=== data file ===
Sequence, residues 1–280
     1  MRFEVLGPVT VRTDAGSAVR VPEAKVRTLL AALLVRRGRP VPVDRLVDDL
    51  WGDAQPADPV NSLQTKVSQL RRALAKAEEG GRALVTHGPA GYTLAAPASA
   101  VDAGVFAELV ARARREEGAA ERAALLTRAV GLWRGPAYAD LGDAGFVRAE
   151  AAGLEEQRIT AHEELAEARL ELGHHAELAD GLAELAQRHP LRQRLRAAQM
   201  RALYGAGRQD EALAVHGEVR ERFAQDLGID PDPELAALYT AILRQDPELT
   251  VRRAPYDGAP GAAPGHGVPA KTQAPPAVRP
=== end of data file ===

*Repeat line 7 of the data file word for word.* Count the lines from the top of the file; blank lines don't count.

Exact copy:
   251  VRRAPYDGAP GAAPGHGVPA KTQAPPAVRP